Adjournment Likely in December
Democrats still do not have a firm plan for how to resolve a spending impasse with President Bush and are now setting their sights on early to mid-December as their target for adjourning for the year.
“We’re going to be out at some point between Nov. 16 and Dec. 21,” said one purposely vague House Democratic leadership aide, who added that Democratic leaders are “not ready to share” their appropriations strategy.
Still, the official line from both Speaker Nancy Pelosi’s (D-Calif.) and Senate Majority Leader Harry Reid’s (D-Nev.) offices is that they hope to send all 12 annual appropriations bills to the president — and rather than have them vetoed, as Bush has threatened, get them signed into law — by Nov. 16, the Friday before the week of Thanksgiving.
There is some optimism about Congress’ ability to reach consensus with the president, given the relative ease with which Senate Democrats have been able to pass the handful of appropriations bills they’ve actually brought up.
“Unlike the political Iraq votes, [appropriations] is probably something everyone wants to get done,” said Don Stewart, spokesman for Senate Minority Leader Mitch McConnell (R-Ky.), who added that the situation “makes it less likely that things will get stalled.”
Stewart added that Democrats created the current situation with past-due appropriations bills by holding repeated votes on the Iraq War instead of pushing spending bills prior to the Oct. 1 start of the fiscal year.
“If it’s not a political vote and the vote is not just meant for putting people on the record, that bodes well for bipartisan cooperation,” he said.
But even if the Senate passes all of its bills and they make it through House-Senate conference committees, the White House appears to be dug in on its demand that Democrats cut as much as $22 billion from their spending bills and Democrats are still at odds over how to respond.
That makes it unlikely that Congress could adjourn before Thanksgiving. In fact, there is already a plan to take a two-week break for the harvest holiday and return on Dec. 3, according to Democratic aides.
While House Democrats have attempted in recent weeks to force faster Senate action on the annual appropriations bills by saying they will adjourn Nov. 16 regardless of Senate action, House Majority Leader Steny Hoyer (D-Md.) put a damper on those expectations last week.
After saying he wants to move appropriations bills to the president prior to Thanksgiving, Hoyer told Minority Whip Roy Blunt (R-Mo.) on the House floor Wednesday that he doesn’t want Republicans to have “the impression I thought that all l2 [bills] would possibly be moved through by the 16th of November.”
Hoyer acknowledged Blunt’s point that the Senate has passed only five appropriations bills and that none of those has officially moved to a House-Senate conference to be reconciled.
However, the Senate will resume debate on its Commerce, Justice, science and related agencies appropriations bill today, following its weeklong recess. Plus, Reid plans to move to the Labor, Health and Human Services, Education and related agencies spending measure later this week.
Though Reid has said Congress intends to send Bush one or two bills before the end of October, Democrats still are undecided about which spending measures to send to the president, according to a Democratic House aide.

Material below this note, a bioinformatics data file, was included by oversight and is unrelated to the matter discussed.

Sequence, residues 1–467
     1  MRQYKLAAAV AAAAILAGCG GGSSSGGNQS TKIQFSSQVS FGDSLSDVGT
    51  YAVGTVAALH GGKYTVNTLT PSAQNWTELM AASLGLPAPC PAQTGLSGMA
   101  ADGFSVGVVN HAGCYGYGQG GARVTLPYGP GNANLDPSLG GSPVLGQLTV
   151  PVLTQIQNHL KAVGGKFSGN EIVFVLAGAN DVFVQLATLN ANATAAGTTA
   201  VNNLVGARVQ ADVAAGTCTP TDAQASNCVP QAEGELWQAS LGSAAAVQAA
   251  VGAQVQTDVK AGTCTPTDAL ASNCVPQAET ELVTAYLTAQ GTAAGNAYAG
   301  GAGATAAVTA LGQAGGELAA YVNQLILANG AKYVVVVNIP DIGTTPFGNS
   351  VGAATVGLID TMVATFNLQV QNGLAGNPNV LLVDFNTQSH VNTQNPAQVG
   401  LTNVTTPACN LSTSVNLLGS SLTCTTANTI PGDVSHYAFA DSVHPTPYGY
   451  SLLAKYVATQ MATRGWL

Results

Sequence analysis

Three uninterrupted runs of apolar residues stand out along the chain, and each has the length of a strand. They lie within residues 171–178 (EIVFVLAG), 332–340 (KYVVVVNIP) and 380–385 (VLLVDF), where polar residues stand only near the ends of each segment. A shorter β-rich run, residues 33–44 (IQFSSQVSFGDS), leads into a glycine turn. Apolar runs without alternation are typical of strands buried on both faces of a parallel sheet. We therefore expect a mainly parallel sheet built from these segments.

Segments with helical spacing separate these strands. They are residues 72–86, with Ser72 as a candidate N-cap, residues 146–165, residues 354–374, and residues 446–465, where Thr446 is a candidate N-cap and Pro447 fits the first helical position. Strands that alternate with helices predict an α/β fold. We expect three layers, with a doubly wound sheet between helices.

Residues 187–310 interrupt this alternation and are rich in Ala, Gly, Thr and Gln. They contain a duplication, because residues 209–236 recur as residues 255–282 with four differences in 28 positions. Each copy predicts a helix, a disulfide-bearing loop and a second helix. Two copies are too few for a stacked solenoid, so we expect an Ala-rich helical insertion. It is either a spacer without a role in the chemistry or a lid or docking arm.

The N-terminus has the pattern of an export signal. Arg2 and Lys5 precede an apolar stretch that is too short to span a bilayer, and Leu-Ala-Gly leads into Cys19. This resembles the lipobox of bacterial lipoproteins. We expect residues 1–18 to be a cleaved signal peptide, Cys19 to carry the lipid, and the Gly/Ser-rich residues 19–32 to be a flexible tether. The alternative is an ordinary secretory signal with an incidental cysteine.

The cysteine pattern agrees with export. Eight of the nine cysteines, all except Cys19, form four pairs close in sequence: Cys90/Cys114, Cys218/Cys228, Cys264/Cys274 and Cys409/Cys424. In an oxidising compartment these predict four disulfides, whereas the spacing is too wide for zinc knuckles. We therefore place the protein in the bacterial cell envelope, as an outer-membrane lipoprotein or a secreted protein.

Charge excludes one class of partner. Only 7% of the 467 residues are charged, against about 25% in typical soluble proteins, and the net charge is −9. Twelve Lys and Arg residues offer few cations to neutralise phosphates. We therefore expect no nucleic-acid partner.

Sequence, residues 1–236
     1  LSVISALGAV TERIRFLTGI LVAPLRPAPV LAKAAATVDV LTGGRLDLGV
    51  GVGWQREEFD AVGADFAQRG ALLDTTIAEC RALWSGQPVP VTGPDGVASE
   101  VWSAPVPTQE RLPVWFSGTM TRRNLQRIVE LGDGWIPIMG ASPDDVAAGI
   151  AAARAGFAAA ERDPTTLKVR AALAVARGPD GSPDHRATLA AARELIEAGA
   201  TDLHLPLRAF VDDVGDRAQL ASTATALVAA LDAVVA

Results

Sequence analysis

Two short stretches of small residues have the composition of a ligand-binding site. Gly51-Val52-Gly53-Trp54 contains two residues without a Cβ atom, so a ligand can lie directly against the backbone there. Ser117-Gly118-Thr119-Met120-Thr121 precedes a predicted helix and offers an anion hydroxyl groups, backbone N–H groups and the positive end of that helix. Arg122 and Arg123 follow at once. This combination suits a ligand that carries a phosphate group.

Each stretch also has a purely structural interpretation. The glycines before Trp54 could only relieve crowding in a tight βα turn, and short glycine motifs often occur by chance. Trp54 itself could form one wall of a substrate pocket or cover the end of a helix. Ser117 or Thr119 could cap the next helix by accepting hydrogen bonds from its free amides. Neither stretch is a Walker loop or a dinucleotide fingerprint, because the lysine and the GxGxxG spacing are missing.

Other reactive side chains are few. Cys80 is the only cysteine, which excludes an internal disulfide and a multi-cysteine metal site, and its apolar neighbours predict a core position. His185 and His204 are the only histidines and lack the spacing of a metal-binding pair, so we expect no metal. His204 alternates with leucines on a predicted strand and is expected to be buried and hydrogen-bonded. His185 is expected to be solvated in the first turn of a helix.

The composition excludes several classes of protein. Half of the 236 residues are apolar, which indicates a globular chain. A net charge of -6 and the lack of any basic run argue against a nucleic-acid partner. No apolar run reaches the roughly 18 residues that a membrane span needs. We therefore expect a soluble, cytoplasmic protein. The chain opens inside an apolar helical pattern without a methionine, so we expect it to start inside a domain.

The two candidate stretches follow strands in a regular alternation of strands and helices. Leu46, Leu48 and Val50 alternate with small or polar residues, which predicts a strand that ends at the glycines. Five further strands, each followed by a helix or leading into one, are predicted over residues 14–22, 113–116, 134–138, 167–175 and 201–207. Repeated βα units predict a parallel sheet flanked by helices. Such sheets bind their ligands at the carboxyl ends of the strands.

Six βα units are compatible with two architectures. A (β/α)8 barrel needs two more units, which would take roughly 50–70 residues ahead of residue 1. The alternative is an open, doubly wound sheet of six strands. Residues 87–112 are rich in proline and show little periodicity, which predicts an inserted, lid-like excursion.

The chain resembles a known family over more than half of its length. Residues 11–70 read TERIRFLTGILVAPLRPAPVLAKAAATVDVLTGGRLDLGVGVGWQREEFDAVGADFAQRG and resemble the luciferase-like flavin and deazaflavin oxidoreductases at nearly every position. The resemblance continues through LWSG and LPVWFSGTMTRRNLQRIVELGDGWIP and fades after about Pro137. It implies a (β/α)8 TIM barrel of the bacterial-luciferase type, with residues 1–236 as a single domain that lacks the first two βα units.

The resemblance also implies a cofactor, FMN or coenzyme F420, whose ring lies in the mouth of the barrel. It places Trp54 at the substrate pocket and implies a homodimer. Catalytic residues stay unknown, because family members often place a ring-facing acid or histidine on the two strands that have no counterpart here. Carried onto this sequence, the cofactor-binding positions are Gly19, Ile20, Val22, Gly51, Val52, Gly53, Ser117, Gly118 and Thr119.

Bush has said, for example, that he may sign a military construction-Veterans Affairs spending measure that is about $4 billion over the White House request. But he added that he expects Democrats to cut that amount from other spending bills.
Democrats are debating whether to have Bush sign bills such as that, which would potentially limit their options on other measures, or to keep their options open by first sending him legislation he will certainly veto.
Meanwhile, Congressional Democrats need to bring up and pass before the end of the year an alternative minimum tax bill to ensure that millions of middle-income taxpayers do not get ensnared by a law designed to make sure wealthy citizens pay a minimum tax. But they are likely to run into roadblocks from Republicans over how they decide to offset the cost of the measure.
Democrats also are looking to either override the president’s recent veto of their bill to expand the State Children’s Health Insurance Program or pass another extension of the current program. The House override vote on SCHIP is scheduled for Thursday, but House Republican leaders have guaranteed they will be able to uphold the veto.
Additionally, Democrats are hoping to pass what they say is a foreign terrorist surveillance bill that balances civil liberties with national security. However, Republicans say it would limit the United States’ ability to thwart another terrorist attack.
Reid has said he wants to complete a farm bill, an energy bill conference, an Amtrak measure and override votes on presidential vetoes of both water resources legislation and a stem-cell research bill prior to Nov. 16.
It’s a tall order, Senate Republicans note. And they point out that their cooperation on appropriations likely will taper off as the year drags on, particularly if the majority attempts to push an omnibus appropriations bill.
As one Senate Republican leadership aide said, “Tell everybody to be ready to stay until Christmas.”